Native to North America, red mulberry (Morus rubra, Moraceae) is most commonly found in moist areas along streams and forest borders (Kershner et al. 2008). A number of them grow along the edge of a particular floodplain forest here in southeast Michigan. When I visited them a couple of weeks ago they were loaded with large numbers of their conspicuous aggregate fruits. These “berries” start out white and then turn red and ultimately purple as they ripen. Similar to blackberries, they’re quite juicy and sweet. Unsurprisingly when I visited them again today the berries were all picked clean by birds, insects, and other animals.
It’s important to contrast red mulberry with white mulberry (Morus alba). They look very similar, but the easiest way to distinguish between them is by feeling the upper sides of the leaves. Red mulberries have rough upper leaf surfaces, while white mulberries are smooth (Kershner et al. 2008). White mulberry was introduced to North America from Asia in the seventeenth century. British colonists brought the tree here as food for silkworms in order to start commercial silk production (Kershner et al. 2008). Since then white mulberry has spread across the continent, and it’s weedy and invasive. I frequently deal with these godforsaken trees in my yard. They pop up everywhere, and they’re hard to kill. I most often find them growing up among my fir trees.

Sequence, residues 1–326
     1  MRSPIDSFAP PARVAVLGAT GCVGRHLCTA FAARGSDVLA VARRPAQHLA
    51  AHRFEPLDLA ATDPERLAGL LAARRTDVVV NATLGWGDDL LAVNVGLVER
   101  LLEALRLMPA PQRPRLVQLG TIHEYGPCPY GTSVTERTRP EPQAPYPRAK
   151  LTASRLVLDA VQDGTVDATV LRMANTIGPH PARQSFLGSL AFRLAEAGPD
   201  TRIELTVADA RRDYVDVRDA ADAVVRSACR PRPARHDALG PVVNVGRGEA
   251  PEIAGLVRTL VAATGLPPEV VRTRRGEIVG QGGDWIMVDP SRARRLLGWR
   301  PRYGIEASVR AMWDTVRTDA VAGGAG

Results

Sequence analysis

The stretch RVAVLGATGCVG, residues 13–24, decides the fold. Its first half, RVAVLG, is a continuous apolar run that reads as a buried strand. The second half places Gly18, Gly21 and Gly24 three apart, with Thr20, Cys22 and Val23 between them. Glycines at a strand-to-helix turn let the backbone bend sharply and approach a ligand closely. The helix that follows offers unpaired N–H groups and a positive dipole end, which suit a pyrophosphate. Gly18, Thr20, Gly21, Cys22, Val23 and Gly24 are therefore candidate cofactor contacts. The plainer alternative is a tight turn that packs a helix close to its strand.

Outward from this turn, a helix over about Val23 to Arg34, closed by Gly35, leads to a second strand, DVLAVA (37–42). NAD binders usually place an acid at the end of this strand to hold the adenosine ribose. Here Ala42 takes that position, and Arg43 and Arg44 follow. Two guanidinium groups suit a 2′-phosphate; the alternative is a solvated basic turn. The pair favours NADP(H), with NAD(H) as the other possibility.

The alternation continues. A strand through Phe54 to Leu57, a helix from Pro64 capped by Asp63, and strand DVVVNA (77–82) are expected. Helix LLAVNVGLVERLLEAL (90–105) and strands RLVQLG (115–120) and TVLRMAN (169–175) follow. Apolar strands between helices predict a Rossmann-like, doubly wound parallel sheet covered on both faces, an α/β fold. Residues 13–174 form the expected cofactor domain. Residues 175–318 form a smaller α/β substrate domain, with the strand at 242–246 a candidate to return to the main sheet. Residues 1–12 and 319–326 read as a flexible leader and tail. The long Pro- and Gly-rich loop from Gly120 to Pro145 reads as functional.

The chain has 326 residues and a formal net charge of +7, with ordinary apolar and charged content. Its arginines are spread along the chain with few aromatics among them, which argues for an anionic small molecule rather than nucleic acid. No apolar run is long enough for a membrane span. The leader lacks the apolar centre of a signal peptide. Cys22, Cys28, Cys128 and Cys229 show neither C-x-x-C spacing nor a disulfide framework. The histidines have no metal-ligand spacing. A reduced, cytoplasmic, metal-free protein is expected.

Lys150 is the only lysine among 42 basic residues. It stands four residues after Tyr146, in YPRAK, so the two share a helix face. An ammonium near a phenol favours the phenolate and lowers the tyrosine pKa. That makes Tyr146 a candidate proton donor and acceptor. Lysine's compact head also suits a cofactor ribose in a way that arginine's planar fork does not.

Native red mulberries are declining and threatened because of weedy white mulberries. White mulberries grow more aggressively in more diverse habitats, and frequently hybridize with red mulberry (Kershner et al. 2008). The red mulberries shown here, however, have thus far escaped such a fate. White mulberry seems less tolerant of wet soil and flooding, so red mulberries that grow in floodplains may be less susceptible to their threat.
Kershner, B., D. Mathews, G. Nelson, and R. Spellenberg. 2008. National Wildlife Federation Field Guide to Trees of North America. Sterling Publishing Company, Inc., New York, NY.